Gaga may not be a porn star, but in my opinion she’s walking the same moral path as a prostitute (and I used “whoring” in my original comment on purpose to pick a fight because I’m feeling fiesty). It’s a very fine line between appearing topless (essentially) or without pants or posing pretty much nude for Rolling Stone and dancing in a strip club for dollar bills or doling out blowjobs for $50.

      From a marketing standpoint, this careful cultivation of the wild, free spirit image has worked extremely well for countless other female stars over the last three to four decades. People–especially young people who can’t understand the long-term consequences of the decisions they make–like sex a lot (as they should), but they especially like to believe it can be casual and carefree, even when so much evidence screams otherwise. It’s fun to think sex is nothing but fun, and that’s exactly why it works as a marketing tool. And so these starlets always put out the same message that Gaga puts out: that they’re empowering women, they’re shining a light into America’s bedrooms, they’re making it OK to have casual sex, etc. They’ll say whatever they need to say to be successful because fame and fortune is how they measure the worth of their lives (probably not exclusively, but more than most average people).

      Has this approach helped many a starlet break into the stratosphere quickly and stand out from the crowd?

      Sure has.

      Unfortunately, these women start out at one level sexually, but that gets dull to the public pretty quickly, so they ramp it up to the next level and so on until they either wash out because they don’t like being marketed like hookers or they can’t be marketed as sex objects because they get too old and fat. If they’re very lucky and they survive the experience, which often seems to require booze and pills to deal with, they’re able to transition into something more dignified.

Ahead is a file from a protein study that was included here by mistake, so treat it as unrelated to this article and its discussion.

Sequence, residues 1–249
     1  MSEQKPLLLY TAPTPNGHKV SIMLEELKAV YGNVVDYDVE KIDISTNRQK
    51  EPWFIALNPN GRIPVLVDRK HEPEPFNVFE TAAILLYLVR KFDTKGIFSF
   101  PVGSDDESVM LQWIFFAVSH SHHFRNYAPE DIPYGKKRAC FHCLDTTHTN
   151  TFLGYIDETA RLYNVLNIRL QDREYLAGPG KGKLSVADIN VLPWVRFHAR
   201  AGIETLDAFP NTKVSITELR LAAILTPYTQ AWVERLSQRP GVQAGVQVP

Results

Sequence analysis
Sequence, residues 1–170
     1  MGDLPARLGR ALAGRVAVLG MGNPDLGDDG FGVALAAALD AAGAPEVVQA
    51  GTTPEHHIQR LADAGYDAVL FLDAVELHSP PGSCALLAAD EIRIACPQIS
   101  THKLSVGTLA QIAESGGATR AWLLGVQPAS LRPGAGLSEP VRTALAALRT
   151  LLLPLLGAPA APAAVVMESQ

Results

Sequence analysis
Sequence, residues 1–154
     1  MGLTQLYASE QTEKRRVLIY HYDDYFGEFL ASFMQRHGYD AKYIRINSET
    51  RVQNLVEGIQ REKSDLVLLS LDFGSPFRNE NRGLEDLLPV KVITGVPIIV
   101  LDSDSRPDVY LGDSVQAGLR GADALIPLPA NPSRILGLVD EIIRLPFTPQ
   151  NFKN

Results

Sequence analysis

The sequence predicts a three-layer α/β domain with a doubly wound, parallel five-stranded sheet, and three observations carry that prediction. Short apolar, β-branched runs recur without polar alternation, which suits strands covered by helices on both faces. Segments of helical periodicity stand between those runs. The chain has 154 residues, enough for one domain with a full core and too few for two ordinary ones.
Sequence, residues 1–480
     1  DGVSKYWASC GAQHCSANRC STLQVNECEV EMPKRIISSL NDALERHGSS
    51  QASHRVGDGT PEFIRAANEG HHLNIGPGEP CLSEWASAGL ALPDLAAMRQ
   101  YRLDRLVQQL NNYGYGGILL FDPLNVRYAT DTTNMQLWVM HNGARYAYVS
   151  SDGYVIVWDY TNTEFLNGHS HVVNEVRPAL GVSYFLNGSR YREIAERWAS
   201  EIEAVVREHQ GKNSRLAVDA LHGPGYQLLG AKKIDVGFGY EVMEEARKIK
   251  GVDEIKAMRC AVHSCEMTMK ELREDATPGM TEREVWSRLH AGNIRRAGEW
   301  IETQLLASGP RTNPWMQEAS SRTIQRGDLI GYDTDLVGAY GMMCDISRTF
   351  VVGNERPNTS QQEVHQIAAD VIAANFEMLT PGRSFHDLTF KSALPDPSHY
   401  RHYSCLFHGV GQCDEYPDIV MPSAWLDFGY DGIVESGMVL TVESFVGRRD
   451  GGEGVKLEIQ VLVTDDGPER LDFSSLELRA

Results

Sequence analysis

Madonna famously took this path, Miley Cyrus may be taking it (I think it’s too early to tell), and Gaga appears to be doing it, too, based on what little I’ve seen. Is she like all the rest? I don’t know. I don’t know her. But it looks that way to me, and I’m feeling sorry for her in advance. That might be wrong of me, but it’s the way I see it.

      Sorry to leave such a long comment. And I don’t mean to be overly combative. We all believe what we believe, and we have reach those beliefs over time with the information that we personally collect.

  4. Bessasaurus permalink
    October 4, 2009 8:34 am

    All I know is that people are OMG OUTRAGED that their 8 year old children are asking what a discostick is. I say two things to them: 1) They’re EIGHT. LIE to them! and 2) I remember my favorite band as a kid (this was only about 10 years ago) was the Venga boys. Lyrics included “Boom, boom, boom, boom, I want you in my room,” for example. No- one complained. I remember them appearing on a kids program once. The presenter asked “So, why are you called the Vega Boys? Some of you are girls.” And they replied that the two girls were actually secretly boys. And no one really cared!

  5. Judy Galbraith permalink
    October 6, 2009 2:04 am

    Your perspective is refreshing and unexpected as usual!

  6. October 7, 2009 9:59 pm

    Excellent commentary… I am unfamiliar with Lady Gaga, but this editorial makes me want to listen to what she has to say, both musically and publicly.